The first time I notice the bird, it dashes over my shoulder with the abruptness of a rabbit coming out of a hat. It’s just after sunset, twilight, and I’m strolling on a neglected path in the woods, my eyes lowered to sidestep nettles and dog crap. All around me: the fresh scent of pines. Then from behind: a battery of flaps, rustling branches, feathers brushing my neck.
I wheel around, startled, in time to see the great creature disappear into the dark between the evergreens.
Minutes later, the bird swoops down a second time, crossing the path in front of me. Bright orange eyes that peer into the night. The span of its wings, titanic. An owl? I watch how the bird circles up, its black talons mighty enough to clutch a pig.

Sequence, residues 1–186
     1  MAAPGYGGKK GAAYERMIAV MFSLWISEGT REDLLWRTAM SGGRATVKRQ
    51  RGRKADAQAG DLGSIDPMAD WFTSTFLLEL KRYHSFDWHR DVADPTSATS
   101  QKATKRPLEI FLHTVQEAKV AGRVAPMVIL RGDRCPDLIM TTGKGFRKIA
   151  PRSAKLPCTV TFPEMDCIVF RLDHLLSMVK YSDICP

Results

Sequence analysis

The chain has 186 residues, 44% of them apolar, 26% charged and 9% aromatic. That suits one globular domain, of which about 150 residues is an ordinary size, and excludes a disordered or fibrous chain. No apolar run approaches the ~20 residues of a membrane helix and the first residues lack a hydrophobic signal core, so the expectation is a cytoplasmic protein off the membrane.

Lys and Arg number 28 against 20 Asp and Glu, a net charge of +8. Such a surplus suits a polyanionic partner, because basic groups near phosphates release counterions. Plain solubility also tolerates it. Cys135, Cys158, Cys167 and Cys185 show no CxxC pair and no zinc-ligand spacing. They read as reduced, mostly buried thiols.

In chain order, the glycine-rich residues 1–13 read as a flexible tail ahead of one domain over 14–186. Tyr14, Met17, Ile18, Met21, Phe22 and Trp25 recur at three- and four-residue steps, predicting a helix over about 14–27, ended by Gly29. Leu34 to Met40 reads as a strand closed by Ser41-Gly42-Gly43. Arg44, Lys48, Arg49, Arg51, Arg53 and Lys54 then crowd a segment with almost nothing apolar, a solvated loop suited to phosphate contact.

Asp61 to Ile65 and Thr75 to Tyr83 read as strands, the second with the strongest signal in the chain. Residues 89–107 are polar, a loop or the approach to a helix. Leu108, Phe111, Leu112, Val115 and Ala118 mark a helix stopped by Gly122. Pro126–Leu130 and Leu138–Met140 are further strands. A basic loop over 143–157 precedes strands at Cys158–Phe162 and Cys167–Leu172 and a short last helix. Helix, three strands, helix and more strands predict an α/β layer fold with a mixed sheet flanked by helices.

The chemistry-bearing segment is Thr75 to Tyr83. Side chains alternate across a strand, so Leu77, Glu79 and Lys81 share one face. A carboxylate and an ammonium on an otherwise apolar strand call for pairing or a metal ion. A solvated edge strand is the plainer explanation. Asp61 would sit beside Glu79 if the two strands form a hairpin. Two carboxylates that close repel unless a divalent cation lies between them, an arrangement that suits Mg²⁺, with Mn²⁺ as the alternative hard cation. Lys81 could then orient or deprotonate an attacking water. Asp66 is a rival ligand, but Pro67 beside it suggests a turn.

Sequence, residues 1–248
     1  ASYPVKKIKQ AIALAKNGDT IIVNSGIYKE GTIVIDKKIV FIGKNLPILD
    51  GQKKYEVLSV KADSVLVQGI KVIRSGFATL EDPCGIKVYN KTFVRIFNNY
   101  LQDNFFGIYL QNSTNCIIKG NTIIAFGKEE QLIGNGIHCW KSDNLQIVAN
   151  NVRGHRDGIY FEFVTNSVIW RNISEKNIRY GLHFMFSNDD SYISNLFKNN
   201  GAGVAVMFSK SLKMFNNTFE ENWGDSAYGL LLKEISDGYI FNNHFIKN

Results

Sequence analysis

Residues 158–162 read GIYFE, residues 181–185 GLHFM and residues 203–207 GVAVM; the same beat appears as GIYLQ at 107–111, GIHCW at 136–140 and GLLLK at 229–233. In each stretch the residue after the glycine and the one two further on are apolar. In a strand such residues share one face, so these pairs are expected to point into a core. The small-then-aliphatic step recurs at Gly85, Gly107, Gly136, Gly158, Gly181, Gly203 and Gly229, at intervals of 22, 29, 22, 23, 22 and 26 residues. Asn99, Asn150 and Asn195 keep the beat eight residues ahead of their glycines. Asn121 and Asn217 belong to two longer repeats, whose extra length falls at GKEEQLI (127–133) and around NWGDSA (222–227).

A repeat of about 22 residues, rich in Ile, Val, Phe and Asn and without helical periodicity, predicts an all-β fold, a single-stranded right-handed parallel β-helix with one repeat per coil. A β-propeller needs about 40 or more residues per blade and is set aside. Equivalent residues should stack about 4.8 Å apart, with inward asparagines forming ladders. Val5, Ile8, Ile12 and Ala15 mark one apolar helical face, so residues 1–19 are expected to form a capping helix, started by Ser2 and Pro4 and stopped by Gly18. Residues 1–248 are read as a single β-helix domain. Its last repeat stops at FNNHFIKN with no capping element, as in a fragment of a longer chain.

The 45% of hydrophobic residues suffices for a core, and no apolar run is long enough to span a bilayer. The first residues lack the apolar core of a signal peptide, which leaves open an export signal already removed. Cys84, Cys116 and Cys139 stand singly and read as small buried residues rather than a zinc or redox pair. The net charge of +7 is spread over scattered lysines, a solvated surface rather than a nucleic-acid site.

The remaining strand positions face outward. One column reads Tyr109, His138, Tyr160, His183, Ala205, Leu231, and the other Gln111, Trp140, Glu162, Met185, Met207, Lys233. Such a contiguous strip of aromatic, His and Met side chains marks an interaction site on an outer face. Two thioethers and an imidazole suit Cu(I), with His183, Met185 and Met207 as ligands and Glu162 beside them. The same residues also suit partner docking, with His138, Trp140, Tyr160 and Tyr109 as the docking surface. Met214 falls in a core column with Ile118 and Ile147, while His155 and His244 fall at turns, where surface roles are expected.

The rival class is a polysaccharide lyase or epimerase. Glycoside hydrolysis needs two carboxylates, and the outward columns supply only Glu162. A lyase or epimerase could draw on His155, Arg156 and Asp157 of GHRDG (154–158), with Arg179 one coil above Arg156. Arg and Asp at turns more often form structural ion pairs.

I march quickly now, my heart beating fast. Although there should be plenty of people around, airing their dogs after dinner, there is no one in the woods but me. No one to see how the bird stretches its vast wings from the top of a pine and rushes down again, charging.
As soon as it lands on my head, I scream. I stamp my feet into nettles and dog crap. The beating of wings atop a girl’s head—a message from the forest.
Why did you not finish your plate?
I run in vain. Talons sink into my shoulders. I eat like a bird, Mom says. Well, not this bird. The power of its wings lifts me up. I breathe in deep, as though my lungs can weigh me down. But then I am flying, kicking in air, high above the woods, the city, the world. People must see me now and point. Oohu-oohu. I picture tomorrow’s headline: OWL CARRIES OFF ANOREXIC GIRL.